Do digital currencies have the potential to hurt gold investors? Here we are purely talking about central bank issued digital currencies (considered to be distinct from cryptocurrencies).

What is a central bank digital currency?

A central bank digital currency is a digital form of fiat currency that is on a blockchain platform that is totally centralized, and the currency is issued by the state as legal tender. Additionally, there would be no physical version of the currency.

How likely is it that central bank digital currencies will be introduced?

Status of central bank digital currency projects worldwide (Source: Coin Telegraph)

There is a high probability that central bank digital currencies will be introduced. As shown in the above map, eightly percent of the world’s central banks are either engaged in research or experimentation in digital currencies. The areas shown in red on the map show where retail pilots have been completed.

How would digital currencies be administered?

There are three possible ways that a digital currency could be administered. The government could directly manage all payments and administration, including know your customer (KYC) and anti money laundering (AML). However, that would greatly increase the government’s work load and would require the development of additional infrastructure. Alternatively, the private sector (e.g. banks) may be involved as intermediaries to take on the required administrative tasks. Another option would be a hybrid system of the two.

Public incentives for accepting digital currencies

For any currency to be successful (digital or otherwise), it would be crucial for the public to be on board and have confidence in it. Advantages for the public when adopting a central bank digital currency include:

  • Convenient
  • Easy to use
  • No need to carry physical coins/notes
  • Fast transactions
  • Lower fees
  • No need for a bank account (improved financial inclusion)
  • Helicopter drops

Government incentives for introducing digital currencies

Governments will have their own incentives for introducing digital currencies. Being just another form of fiat currency, it it unlikely be backed by anything and so it could be produced in unlimited quantities with just the touch of a button. Digital currencies will also make cash hoarding and bank runs a thing of the past. Introducing negative interest rates would also be potentially easier, with the aim of stimulating inflation (something that central banks have been trying to achieve for a while). If people are told that their digital currency balance will shrink, or perhaps even be taken away at the end of each month, that is a sure incentive to encourage people to spend spend spend.

Every single transaction will be on a centralized blockchain ledger and could be easily tracked. The government would therefore be the proud owner of a huge amount of valuable and sensitive data. Because digital wallets will be centralized, any individual’s transactions could be blocked or controlled at will. Currency smart contracts could be introduced, and that has a number of potential implications. Not only could transactions be controlled through smart contracts, but perhaps the value could be also controlled. What if a currency could be programmed to increase in value if used to purchase certain goods or spent in a certain sector?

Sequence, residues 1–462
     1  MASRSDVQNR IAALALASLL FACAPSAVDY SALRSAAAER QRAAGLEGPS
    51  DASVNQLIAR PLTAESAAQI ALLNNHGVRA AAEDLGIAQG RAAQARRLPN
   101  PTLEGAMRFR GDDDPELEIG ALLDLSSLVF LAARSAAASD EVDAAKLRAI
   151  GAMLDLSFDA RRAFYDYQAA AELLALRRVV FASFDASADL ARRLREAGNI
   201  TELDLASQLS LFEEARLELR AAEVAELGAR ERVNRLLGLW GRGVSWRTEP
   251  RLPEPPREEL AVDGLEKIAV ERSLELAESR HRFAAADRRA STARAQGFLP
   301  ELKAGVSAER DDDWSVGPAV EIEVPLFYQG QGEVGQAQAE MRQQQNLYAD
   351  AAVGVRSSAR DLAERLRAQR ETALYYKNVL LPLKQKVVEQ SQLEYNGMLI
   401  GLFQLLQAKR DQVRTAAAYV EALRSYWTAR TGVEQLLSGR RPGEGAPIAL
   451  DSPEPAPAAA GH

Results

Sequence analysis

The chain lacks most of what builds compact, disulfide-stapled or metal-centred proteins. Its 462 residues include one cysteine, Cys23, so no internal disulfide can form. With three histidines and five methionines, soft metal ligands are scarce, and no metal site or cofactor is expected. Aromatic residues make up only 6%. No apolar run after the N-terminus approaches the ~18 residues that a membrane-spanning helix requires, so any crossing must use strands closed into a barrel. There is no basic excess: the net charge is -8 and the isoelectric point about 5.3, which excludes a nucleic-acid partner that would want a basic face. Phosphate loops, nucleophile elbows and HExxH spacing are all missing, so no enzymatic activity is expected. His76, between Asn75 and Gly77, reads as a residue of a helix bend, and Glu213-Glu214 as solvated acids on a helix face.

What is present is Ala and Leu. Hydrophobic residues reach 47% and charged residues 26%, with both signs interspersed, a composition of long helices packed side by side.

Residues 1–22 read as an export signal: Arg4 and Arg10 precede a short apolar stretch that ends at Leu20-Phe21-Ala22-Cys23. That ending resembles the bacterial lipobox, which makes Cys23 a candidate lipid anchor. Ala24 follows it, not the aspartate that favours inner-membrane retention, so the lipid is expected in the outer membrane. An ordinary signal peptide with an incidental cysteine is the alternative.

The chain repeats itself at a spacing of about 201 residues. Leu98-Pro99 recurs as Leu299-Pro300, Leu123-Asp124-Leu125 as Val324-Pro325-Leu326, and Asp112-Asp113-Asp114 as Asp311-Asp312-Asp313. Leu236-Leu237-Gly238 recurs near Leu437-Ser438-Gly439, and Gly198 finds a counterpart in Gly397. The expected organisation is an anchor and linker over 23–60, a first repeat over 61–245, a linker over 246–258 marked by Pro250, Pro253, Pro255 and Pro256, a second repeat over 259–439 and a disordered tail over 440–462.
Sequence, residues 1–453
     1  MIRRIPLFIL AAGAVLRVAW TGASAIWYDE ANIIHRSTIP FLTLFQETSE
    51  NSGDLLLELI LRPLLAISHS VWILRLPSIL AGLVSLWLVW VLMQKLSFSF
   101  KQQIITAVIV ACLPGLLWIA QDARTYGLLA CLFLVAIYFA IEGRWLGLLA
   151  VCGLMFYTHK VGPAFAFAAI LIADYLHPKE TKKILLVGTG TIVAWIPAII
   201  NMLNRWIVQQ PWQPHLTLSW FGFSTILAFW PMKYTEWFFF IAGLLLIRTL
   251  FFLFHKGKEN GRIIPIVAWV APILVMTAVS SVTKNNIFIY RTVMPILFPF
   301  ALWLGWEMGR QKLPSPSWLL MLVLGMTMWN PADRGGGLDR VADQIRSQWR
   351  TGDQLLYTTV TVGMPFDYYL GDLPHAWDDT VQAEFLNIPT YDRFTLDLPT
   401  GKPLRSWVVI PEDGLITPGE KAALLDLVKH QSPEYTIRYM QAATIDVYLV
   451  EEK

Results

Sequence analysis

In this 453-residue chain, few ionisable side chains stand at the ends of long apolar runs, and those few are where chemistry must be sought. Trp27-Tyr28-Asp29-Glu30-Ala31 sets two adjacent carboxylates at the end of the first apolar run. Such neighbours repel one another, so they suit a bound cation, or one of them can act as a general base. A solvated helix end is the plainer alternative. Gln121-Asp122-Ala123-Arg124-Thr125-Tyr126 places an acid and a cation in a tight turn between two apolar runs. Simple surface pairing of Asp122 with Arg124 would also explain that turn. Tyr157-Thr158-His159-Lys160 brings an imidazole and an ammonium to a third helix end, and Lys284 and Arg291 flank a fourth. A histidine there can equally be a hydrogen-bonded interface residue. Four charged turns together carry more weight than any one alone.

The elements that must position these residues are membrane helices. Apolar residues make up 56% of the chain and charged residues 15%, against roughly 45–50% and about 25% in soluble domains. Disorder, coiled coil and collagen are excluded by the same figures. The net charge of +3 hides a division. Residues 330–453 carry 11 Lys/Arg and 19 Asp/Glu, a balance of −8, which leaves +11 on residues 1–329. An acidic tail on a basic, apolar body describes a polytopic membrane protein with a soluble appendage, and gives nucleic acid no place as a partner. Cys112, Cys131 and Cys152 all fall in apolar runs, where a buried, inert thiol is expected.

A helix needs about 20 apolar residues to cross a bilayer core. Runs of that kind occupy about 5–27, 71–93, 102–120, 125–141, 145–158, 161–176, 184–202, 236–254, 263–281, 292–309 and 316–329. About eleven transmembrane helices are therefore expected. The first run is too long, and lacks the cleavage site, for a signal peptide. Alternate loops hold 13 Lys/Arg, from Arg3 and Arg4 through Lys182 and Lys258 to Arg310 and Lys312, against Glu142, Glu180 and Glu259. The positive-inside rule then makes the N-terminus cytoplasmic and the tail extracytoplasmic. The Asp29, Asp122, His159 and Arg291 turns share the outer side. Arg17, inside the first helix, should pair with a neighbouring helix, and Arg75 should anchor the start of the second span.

The effect of digital currencies on the gold price

Would digital currencies be detrimental to the price of gold? Possibly. Here are some ideas about the ways in which the gold price might be impacted.

Digital currencies could enable restrictions to be set on buying and selling physical gold by retail investors. Manipulation of the gold price may become easier. Value adjustment the currency downwards for gold purchases might be introduced. Variable taxation would also be easier to introduce. For example the percentage tax could increase with higher volumes of gold bought/sold by an individual.

Since physical cash would no longer exist, the legal tender status of gold and silver coins could be revoked. Perhaps the mechanics of accessing funds after selling offshore gold will be hindered by the existence of digital currencies.

Will digital currencies be successful?

The most important factor in determining the success of a central bank digital currency will be the level of acceptance and credibility of the new currency. The results of pilot programs in this arena will shed some light on this.

What effect would introducing a central bank digital currency have on the existing huge debt pile?

What would be the impact if the world’s reserve currency was replaced by a digital fiat currency? We know that for centuries, every single world reserve currency has been replaced by a gold-backed currency. Would the world have confidence in a new digital dollar in the same way that it has confidence in the current US dollar?

Conclusion

When it comes to currencies, confidence is key. If the majority have confidence in the central bank digital currency, yes there is potential for the gold price to suffer. Having said that, as discussed in a previous post, fiat currencies are not everlasting and there are multiple examples in history where replacing one fiat currency with a new fiat currency just didn’t work. Fiat currencies can become worthless overnight, but gold has always been accepted as money.